Math lab helps you transition from high school to college when you are taking freshman-level courses. Math education majors can get extra job-related experience serving as peer tutors.

    Math Club is open to all students, but designed particularly for math and math education majors. You will enjoy finding the fun in math with the “Mathematical Magic Show.” Learn the math concepts behind the tricks demonstrated to you by your professors. Then, go home and impress your family and friends. Or use the tricks in your own math lessons for high school students. Be part of the “Pi Day” activities on campus; math murder mystery; and mathematical origami projects. Do one-on-one tutoring with community middle school and high school students. Share social times and make connections with other Olivet students.

    Two research options are offered by Olivet for mathematics and science students: 

    • Pence-Boyce Research Program Fellowships — Named to honor two Olivet professors, Elbert Pence (physics) and Fannie Boyce (mathematics), and funded by alumni and friends of Olivet. Alumnus Mark Lockwood published his work on probabilistic polyforms as a result of his participating in this program.
    • Olivet Research Associates Program – Set up to fund research in science and mathematics.Work with a faculty member on a forward-looking, 10-week research project during the summer. Projects may be theoretical, lab or field studies. Receive a stipend so you can work full time on your project.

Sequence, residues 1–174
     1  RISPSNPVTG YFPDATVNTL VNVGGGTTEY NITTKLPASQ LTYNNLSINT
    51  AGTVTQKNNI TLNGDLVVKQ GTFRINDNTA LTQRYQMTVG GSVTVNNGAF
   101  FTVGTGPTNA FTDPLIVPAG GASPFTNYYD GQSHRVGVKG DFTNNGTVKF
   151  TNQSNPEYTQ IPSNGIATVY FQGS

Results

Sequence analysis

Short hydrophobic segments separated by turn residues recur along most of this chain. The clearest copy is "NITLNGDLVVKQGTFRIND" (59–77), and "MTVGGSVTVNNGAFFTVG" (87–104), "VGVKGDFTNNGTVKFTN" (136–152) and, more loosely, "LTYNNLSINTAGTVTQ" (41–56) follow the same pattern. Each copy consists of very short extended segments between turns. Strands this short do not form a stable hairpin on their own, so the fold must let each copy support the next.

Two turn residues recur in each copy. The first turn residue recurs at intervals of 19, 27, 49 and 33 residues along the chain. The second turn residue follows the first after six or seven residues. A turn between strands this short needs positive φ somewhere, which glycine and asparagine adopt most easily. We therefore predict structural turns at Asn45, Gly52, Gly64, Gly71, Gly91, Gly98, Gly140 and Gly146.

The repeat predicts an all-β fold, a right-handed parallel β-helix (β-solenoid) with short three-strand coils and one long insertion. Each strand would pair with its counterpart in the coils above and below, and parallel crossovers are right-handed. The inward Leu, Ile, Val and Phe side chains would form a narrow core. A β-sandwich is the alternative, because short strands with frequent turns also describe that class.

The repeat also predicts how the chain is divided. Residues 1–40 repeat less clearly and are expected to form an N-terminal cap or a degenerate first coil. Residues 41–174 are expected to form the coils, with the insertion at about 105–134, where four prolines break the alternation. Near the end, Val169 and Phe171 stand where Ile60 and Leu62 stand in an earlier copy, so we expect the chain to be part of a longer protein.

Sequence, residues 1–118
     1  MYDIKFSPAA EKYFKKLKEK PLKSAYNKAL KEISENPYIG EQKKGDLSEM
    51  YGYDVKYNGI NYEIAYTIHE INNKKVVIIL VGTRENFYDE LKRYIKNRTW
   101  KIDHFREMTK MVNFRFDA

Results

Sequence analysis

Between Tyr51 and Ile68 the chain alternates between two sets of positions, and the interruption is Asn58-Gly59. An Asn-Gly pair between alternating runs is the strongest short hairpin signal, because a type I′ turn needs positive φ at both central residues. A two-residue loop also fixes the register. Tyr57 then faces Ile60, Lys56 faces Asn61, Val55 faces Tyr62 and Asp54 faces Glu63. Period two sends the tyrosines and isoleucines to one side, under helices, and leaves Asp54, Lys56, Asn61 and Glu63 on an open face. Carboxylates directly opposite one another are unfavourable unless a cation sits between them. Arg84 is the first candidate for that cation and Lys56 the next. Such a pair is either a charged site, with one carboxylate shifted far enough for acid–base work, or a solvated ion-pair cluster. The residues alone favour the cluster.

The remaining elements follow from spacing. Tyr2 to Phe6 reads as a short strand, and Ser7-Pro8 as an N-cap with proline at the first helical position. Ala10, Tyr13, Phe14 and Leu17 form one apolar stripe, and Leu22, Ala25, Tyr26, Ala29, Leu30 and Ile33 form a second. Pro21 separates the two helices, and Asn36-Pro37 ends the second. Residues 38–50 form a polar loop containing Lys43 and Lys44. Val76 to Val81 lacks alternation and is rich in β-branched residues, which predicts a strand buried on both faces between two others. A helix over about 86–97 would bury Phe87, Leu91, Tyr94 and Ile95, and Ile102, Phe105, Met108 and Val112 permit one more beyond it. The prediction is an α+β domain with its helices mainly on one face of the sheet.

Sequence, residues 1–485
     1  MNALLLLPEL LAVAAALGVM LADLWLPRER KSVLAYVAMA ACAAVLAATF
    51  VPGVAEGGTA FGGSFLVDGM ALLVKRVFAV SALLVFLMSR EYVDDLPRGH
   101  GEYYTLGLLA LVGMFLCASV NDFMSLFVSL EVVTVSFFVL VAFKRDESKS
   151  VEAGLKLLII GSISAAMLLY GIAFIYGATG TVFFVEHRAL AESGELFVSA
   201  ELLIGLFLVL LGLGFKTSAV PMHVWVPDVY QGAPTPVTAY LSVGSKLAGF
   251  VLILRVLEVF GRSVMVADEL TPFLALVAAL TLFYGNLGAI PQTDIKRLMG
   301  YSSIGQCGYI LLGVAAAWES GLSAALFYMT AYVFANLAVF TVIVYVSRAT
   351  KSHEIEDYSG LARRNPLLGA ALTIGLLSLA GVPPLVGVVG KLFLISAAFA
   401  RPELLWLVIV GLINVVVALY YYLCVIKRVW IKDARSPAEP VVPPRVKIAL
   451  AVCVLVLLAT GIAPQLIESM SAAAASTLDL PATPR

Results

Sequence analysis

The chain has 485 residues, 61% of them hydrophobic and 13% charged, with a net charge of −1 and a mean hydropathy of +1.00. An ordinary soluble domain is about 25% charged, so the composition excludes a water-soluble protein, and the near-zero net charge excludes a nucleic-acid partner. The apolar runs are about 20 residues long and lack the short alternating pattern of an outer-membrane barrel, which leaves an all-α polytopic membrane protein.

Accept the challenge and take the Putnam Exam. Designed to discriminate at the highest level and to identify the best math students in country, this six-hour exam would challenge even professional mathematicians. Just to score points is an accomplishment. For the first time in 2010, two of our students took it and scored points.

    Careers

    If you are strong in: 

    • reasoning
    • analysis
    • applying basic principles to complex problems
    • communicating your thoughts, ideas and knowledge 
    • meeting deadlines, even if you have to put in extra hours
    • teamwork
    • abstract and analytical thinking
    • logical reasoning
    • solving problems and puzzles
    • working with computers
    • helping others make decisions by providing information
    • efficiency

    then a career in mathematics just may be the right one for you.

    Many math career fields require you to have a master’s or Ph.D. degree. More than 80 percent of mathematicians who are employed by the federal government work for the U.S. Department of Defense (DOD), National Aeronautics and Space Administration (NASA) or National Institute of Standards and Technology (NIST).

    Possible careers include: Mathematical technician, professor, statistician, operations research analyst, consultant, researcher, market researcher, cryptanalyst

    Mathematics is part of the Department of Mathematics within the College of Arts and Sciences. 

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  • At Olivet, you will learn from professors who care deeply about your professional and personal success.